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Tears for Little Phoebe

Phoebe Jonchuck, age 5, is dead. Dropped over the Skyway Bridge by her own father as a St. Petersburg police officer watched in horror.

This was a preventable death. Not by the horrified police officer, but by the Hillsborough County civil courts and perhaps the child welfare system. There were several incidents of domestic violence, including an Injunction for Protection taken out on John Jonchuck. The Injunction was later dropped at the Mom’s request. This is also typical behavior of a victim whose abuser says he didn’t mean it.

He was a ticking time bomb, but we still decided to award him custody because Mom had her problems. Why is it that beating a child’s Mom still doesn’t mean to the courts that he is a danger to the child? What were we thinking?

Typical of the behavior of an abuser, he later took out an Injunction for Protection against Phoebe’s mom, Michele Kerr. Stricken with MS and having her own problems, the court still decided to award custody to a father who was known to have committed domestic violence - not once, but several times. What were we thinking?

CASA works with thousands of domestic violence victims every year. We receive an average of 800 police reports monthly from the police departments in just south county below Ulmerton Rd. By the time domestic violence is reported to the police by the neighbors or a child or a desperate woman, it is too late. Domestic violence has most likely occurred many times in this family, even though this may be the first time it was reported publicly.

Because domestic violence victims often protect their abusers, we created a civil injunction for protection, sometimes known as a restraining order, so the victim can report the abuse without police involvement. For some victims, this provides some protections. Other victims choose not to take out an Injunction for fear that the abuser will become even more enraged.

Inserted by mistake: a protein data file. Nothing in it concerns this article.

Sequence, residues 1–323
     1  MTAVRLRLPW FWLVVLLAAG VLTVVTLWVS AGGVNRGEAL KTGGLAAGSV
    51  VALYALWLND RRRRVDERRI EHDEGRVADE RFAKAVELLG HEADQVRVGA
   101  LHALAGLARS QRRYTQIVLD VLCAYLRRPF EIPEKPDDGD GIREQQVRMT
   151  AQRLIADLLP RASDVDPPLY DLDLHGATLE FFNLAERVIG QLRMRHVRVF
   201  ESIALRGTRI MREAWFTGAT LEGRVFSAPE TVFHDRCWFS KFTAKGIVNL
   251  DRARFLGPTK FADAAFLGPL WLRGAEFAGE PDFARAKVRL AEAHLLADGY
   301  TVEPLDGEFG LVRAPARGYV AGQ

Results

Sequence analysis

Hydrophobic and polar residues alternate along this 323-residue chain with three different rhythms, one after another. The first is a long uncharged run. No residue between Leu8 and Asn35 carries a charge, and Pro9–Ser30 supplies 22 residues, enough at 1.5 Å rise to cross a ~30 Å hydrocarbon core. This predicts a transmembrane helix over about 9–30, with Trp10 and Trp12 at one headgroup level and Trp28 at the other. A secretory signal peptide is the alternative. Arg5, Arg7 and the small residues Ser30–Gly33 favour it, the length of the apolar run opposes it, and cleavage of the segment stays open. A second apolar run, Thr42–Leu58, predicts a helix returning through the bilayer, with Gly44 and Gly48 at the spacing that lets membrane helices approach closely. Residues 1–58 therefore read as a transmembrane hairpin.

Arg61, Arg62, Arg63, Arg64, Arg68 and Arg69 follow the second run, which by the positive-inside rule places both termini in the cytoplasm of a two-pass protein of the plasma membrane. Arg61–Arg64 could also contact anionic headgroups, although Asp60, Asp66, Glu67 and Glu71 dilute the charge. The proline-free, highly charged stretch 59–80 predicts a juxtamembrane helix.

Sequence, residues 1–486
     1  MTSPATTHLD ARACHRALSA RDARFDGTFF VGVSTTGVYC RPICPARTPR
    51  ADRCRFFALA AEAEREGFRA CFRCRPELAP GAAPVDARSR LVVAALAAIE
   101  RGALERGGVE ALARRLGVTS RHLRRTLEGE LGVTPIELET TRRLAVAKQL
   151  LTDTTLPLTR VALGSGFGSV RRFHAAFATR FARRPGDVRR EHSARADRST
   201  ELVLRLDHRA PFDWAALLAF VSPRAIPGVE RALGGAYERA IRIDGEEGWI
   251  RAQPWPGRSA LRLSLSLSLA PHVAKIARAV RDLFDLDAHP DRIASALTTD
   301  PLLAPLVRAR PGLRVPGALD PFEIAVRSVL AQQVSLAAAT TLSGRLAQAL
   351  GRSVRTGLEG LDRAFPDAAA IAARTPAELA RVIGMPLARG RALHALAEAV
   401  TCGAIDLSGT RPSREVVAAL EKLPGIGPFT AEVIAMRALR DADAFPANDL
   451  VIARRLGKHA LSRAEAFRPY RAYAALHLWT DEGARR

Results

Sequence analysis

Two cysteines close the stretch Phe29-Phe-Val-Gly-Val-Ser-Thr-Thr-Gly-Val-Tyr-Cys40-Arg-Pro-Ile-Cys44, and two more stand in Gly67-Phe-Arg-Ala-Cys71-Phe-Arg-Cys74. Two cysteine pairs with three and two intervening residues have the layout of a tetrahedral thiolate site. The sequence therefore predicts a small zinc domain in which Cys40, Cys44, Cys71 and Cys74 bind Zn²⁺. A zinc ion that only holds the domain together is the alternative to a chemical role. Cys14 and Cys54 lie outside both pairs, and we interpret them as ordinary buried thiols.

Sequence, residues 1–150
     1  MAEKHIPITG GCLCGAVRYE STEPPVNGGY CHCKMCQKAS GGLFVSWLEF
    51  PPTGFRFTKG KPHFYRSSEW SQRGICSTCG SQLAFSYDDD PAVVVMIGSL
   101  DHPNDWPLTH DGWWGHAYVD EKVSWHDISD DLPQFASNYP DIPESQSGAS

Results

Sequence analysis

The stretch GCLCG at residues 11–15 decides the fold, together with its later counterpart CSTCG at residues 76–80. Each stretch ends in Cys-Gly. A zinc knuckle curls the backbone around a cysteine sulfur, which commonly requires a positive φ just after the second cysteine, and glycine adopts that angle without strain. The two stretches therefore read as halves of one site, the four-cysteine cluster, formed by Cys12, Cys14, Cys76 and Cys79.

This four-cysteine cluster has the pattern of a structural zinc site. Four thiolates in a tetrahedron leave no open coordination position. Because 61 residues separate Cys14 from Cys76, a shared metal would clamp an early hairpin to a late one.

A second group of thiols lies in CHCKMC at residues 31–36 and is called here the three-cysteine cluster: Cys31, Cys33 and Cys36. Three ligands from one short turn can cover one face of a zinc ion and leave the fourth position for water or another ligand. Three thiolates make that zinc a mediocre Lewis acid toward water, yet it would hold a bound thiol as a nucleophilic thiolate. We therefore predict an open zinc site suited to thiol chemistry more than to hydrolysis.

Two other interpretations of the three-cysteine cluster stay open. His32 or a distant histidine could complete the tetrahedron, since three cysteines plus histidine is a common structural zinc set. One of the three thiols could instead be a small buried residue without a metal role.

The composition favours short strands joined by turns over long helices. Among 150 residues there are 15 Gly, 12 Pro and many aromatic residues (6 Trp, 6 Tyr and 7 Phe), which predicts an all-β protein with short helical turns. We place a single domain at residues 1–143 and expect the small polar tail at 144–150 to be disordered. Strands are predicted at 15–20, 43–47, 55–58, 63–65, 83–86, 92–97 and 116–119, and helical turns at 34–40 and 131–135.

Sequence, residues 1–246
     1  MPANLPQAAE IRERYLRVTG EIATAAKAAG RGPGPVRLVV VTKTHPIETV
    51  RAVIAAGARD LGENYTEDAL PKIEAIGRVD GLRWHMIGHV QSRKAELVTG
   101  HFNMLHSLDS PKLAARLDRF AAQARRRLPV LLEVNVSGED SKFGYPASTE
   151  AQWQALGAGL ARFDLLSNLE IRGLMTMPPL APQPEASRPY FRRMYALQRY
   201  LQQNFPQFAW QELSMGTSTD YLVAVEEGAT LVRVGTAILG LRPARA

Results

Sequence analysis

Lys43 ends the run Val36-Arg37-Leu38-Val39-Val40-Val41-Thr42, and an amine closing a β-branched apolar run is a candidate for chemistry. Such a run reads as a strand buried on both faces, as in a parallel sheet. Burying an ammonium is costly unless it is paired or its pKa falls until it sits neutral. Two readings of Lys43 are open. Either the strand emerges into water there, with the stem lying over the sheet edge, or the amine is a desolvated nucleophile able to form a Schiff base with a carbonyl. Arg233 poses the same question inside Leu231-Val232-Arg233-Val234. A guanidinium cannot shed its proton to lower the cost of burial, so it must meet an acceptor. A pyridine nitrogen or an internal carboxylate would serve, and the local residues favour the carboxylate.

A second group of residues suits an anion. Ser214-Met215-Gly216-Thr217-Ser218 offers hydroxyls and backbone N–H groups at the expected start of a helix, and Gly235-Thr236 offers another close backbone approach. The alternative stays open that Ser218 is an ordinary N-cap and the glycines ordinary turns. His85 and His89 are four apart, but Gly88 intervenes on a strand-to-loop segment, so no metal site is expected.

We have a long history with abusers. We know their patterns. We know their behaviors. They are almost predictable. Yet every day, we face a court that handles each case at face value as though this is the first incident, as though this has never happened before, as though a history of domestic violence is not relevant, as though the terror she evidences in front of a judge is made up, as though she is telling lies.

The gender bias in our systems still punishes moms more for drinking, taking drugs and other behaviors that she shares with the father.  The court thinks the child would be worse off with the mother. After all, she allowed herself to be beaten in front of the children, didn’t she?  Some of her behaviors are unacceptable. She may need help. She may also be doing the best she can living with an abuser who forces her drink and take drugs. She may be doing the best she can to cope with an intolerable situation with no apparent way out.

Meanwhile, while the system fails to acknowledge what is going on with mom, we let Phoebe Jonchuck, five years old, die. Our hearts are broken in two for Phoebe, for the officer who had to watch and for the mom whose family we couldn’t save.

By Linda Osmundson, CASA's Executive Director

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